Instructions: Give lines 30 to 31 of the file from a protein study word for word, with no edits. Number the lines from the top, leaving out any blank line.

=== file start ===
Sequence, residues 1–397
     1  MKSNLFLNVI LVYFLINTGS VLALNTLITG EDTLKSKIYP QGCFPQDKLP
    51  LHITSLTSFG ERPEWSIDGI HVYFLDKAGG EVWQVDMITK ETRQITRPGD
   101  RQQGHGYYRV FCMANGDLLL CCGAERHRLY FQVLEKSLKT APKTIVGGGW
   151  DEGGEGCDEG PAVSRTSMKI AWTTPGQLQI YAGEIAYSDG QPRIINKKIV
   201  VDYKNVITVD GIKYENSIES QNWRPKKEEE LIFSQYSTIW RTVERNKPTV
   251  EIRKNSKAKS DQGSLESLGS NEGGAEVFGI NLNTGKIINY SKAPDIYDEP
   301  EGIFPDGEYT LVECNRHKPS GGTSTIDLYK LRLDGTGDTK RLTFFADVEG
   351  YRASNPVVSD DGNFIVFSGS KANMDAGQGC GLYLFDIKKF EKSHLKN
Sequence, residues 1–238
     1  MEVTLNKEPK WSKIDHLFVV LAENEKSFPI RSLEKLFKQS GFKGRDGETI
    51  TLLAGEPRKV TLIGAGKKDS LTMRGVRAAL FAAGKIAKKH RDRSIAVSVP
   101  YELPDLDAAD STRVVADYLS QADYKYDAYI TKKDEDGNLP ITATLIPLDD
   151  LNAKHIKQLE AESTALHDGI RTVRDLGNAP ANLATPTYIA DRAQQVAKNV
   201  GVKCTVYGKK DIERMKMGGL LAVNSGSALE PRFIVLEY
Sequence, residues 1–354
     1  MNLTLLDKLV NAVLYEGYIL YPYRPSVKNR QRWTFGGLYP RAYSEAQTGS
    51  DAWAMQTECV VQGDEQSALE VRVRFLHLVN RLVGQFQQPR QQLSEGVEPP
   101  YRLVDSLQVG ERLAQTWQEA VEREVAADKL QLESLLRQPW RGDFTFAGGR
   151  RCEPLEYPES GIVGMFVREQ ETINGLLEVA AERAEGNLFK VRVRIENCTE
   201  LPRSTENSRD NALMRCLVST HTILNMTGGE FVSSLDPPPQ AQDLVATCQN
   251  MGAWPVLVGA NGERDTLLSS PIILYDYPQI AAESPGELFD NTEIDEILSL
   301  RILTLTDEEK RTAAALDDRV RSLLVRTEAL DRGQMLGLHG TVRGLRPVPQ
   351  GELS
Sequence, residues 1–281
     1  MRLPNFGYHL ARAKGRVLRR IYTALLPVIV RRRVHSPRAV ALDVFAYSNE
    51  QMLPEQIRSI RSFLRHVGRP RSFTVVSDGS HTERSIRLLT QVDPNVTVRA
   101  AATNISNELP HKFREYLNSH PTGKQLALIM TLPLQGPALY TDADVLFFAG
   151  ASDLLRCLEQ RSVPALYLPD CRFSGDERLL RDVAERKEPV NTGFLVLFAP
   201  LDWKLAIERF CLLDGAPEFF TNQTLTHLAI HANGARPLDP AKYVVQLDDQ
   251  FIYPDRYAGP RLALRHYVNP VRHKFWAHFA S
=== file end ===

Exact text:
   201  LDWKLAIERF CLLDGAPEFF TNQTLTHLAI HANGARPLDP AKYVVQLDDQ
   251  FIYPDRYAGP RLALRHYVNP VRHKFWAHFA S